One day while I was working in a black and white police car on patrol, a dispatcher sent me a message over the car computer asking me if I could help someone with a non-police problem. A very old, and very confused, woman had called 911 because she couldn’t turn the hot water off in her tub and her son was an hour away. It was a quiet afternoon, so I said sure. I went to the apartment where the distraught woman met me at the door.
“I’ve tried and tried,” she said, holding up a hammer, “and I can’t turn it off.”
She showed me to the bathroom with old porcelain fixtures and the water running into the tub. She’d broken most of the handle hitting it with the hammer. But it was easy to shut off because she’d been trying to go the wrong way.
The woman was grateful, and I made certain there was nothing else she needed help with. The episode took me only a couple of minutes and I was glad to do it, thinking of my parents, my mom, and hoping if she was ever so confused someone would help her, in turn thinking of how they’d want their parents treated.
Fast-forward about fifteen years, now my folks are old, dad 95 mom 88. Mom is doing okay but my father suffers from Alzheimer’s and is easily confused and he’s incontinent. I find my self in this horrible position where from time to time I have to trust my poor dad’s care to others and sadly I’m finding that some people, people who are supposed to show compassion and caring to the sick and infirm, doctors, nurses, ambulance drivers, could care less.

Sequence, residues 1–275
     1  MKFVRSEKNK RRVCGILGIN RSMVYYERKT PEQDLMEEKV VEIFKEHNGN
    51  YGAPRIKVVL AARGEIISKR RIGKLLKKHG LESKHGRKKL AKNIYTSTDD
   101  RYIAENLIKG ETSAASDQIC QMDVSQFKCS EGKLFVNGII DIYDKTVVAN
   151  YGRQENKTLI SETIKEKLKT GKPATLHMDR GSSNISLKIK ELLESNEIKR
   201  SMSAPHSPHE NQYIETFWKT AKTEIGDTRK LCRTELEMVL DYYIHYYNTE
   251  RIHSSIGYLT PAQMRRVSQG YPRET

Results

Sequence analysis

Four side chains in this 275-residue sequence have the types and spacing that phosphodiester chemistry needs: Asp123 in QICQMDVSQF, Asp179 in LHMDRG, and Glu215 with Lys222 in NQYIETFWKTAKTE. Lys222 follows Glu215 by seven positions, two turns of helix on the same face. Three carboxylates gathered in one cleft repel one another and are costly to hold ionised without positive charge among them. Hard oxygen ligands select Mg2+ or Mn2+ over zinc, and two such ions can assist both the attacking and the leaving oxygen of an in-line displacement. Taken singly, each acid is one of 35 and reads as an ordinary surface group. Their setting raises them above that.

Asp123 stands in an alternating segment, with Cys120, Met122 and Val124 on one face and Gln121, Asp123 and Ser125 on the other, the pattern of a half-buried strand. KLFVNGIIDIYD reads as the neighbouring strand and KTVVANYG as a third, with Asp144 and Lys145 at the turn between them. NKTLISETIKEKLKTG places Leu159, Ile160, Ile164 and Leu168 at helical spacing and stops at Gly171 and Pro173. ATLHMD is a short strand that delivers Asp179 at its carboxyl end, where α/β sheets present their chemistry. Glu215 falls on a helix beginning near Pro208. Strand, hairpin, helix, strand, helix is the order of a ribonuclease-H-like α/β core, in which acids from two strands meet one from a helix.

I took my dad to the hospital because I thought he had a stroke. Thank god he didn’t, but he was kept in the hospital for a week. When he was brought home, by transport arranged by the hospital, they’d put his pants on but no diaper, they simply shoved a towel down his pants and sent him on his way.
The next time he had to go to the hospital because of a painful infection, he was left on a gurney for hours without being let up and taken to the bathroom and without being changed. Because his insurance is Kaiser, the hospital the paramedics took him to knew they would have to transfer him, but they waited 12 hours before making the call. He finally got to Kaiser at midnight, without having been changed and lying in urine all day. (I would have changed him myself but I was sick and ended up in urgent care the next day.)
I asked the nurse if she would treat her own father that way and got a snotty answer about how busy they were. Never mind that the hospital emergency room website blared all day that conditions were green, they were not busy and there was no wait there.
I know better than anyone that it can be trying taking care of an old man with Alzheimer’s but common decency would seem to dictate you would at least make someone who has to wait for care wait dry and comfortable.
Maybe there is no comparison to shutting a tap off versus changing a diaper, but that was not my job, it is the job of health care professionals to CARE for sick people. I realize that the vast majority of them do, but the ones who can’t show just a little bit of compassion for a confused old man should quit and find a different job.
Thanks for letting me vent.